Author Topic: Anyone else like Shakespeare?  (Read 2139 times)

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Offline Jacob III

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Anyone else like Shakespeare?
« on: February 25, 2013, 08:52:28 PM »
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  • What's your favorite play?

    I just finished reading Julius Cesar and found the play very interesting. It was composed during the reign of Elizabeth I and became popular because it dealt with the ever possible assassination of a controversial leader. I'll read Antony and Cleopatra next, because it is apparently a "sequel".
    Laudetur Iesus Christus!

    Offline Marlelar

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    Anyone else like Shakespeare?
    « Reply #1 on: February 25, 2013, 09:53:14 PM »
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  • I enjoy watching Shakespeare but not reading the plays.  I like the comedies best especially Taming of the Shrew.  

    Have you heard Dr. David Allen White's commentaries on Shakespeare?  The CDs are available from the SSPX seminary at:

    STAS Audio

    Marsha


    Offline Hobbledehoy

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    Anyone else like Shakespeare?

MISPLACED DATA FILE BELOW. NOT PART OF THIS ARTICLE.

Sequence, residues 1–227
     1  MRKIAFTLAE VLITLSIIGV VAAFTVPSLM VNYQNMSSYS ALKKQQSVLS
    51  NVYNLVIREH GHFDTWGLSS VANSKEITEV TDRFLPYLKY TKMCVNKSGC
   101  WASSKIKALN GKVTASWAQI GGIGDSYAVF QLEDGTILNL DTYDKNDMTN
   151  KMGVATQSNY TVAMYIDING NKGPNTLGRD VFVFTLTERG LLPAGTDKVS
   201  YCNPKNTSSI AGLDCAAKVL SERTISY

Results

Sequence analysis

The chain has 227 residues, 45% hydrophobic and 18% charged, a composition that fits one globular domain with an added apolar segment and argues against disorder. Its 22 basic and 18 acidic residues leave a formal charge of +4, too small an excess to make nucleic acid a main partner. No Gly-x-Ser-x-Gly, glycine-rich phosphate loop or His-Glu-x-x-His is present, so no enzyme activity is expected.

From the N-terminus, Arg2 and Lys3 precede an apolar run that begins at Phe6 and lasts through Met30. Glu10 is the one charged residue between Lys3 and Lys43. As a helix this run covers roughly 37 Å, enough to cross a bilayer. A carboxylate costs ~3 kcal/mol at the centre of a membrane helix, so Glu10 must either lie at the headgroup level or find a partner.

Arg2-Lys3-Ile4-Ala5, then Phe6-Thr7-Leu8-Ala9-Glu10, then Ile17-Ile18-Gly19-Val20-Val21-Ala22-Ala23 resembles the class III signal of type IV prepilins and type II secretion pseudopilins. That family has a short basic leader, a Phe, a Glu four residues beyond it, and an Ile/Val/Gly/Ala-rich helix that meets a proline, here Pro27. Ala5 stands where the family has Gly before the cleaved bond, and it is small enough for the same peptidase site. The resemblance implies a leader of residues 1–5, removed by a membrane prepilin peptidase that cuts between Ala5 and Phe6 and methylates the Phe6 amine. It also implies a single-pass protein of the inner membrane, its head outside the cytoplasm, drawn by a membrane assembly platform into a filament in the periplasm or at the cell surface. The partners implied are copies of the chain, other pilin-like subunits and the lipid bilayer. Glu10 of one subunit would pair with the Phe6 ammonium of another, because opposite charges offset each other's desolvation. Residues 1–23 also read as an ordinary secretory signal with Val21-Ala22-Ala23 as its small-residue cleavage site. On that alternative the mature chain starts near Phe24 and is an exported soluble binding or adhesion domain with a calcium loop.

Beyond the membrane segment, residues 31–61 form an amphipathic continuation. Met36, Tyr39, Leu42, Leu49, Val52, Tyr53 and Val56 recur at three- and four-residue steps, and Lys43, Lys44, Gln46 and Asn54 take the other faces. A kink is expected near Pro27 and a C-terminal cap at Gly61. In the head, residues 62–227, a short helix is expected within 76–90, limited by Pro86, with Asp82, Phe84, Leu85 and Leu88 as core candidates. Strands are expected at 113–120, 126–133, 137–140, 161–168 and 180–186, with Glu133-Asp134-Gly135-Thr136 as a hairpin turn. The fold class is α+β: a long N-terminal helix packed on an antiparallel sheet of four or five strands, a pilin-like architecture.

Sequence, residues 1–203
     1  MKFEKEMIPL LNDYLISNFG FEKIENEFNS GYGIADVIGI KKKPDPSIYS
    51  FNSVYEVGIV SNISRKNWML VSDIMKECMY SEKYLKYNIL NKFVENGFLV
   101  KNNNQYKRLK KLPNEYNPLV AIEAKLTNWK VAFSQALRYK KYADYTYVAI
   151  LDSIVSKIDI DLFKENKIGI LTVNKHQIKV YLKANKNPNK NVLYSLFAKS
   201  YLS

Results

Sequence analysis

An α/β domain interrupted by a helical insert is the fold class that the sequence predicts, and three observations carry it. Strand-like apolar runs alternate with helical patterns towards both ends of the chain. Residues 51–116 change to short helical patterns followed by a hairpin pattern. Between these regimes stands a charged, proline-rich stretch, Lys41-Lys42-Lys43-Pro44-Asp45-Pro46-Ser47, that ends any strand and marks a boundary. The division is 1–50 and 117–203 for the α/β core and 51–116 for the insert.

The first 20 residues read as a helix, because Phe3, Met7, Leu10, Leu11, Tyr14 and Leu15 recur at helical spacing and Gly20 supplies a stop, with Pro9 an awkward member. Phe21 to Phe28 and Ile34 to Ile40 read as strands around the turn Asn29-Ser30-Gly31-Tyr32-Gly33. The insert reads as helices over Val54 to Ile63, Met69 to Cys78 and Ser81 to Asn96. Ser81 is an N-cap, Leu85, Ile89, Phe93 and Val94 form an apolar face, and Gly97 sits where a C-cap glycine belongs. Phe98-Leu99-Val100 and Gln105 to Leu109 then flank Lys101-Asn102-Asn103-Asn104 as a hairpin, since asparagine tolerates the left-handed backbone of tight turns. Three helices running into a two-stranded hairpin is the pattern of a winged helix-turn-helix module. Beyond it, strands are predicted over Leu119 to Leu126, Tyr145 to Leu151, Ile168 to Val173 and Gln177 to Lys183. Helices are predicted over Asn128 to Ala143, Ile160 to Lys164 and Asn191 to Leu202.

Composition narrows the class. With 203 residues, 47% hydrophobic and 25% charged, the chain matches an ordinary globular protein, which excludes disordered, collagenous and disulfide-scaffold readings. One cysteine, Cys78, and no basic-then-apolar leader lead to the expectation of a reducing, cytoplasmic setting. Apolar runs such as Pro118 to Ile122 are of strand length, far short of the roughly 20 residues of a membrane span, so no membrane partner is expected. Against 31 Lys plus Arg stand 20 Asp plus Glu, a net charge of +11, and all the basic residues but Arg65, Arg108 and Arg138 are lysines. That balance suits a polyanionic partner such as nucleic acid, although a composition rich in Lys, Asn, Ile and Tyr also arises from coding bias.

« Reply #2 on: February 26, 2013, 01:09:01 AM »
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  • Quote from: Jacob III
    What's your favorite play?

    I just finished reading Julius Cesar and found the play very interesting. It was composed during the reign of Elizabeth I and became popular because it dealt with the ever possible assassination of a controversial leader. I'll read Antony and Cleopatra next, because it is apparently a "sequel".


    Richard II is the play of Shakespeare's that I most admire for so many reasons. Timon of Athens, however, is the play to which I can relate the most.
    Please ignore all that I have written regarding sedevacantism.

    Offline Potiphera

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    Anyone else like Shakespeare?
    « Reply #3 on: February 26, 2013, 02:35:10 AM »
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  • Yes, I'm very much into  Shakespeare.
    I've read all the plays bar 2 and seen all the perfomances at The Shakespeare Theatre.  I live close to it.

    It's interesting that Marlelar said she/he enjoys watching Shakespeare but not reading the plays.   I got into Shakespeare by first reading the plays and what I like to do before going to see a play is to read it first just to refresh my memory .
    My first introductions to reading Shakespeare was reading the History plays which absolutely fascinated me and still do.  I enjoy watching different perfomances although I prefer the  authentic costume and dress .  
    We attend a stunning performance Richard II , at the Globe Theatre in London in I think it was 2003, and at the end of the play they did an Elizabethan dance , accompanied by authentic musical instruments.  It was an unforgettable experience and the audience were  held spellbound.   That was the days when the Globe theatre was under the direction of Mark Rylance.  Now under new direction  it has changed I think for worst.
    Once and only once did I ever walk out of a modern performance.  



    Offline scolairebocht

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    Anyone else like Shakespeare?
    « Reply #4 on: February 26, 2013, 04:41:28 AM »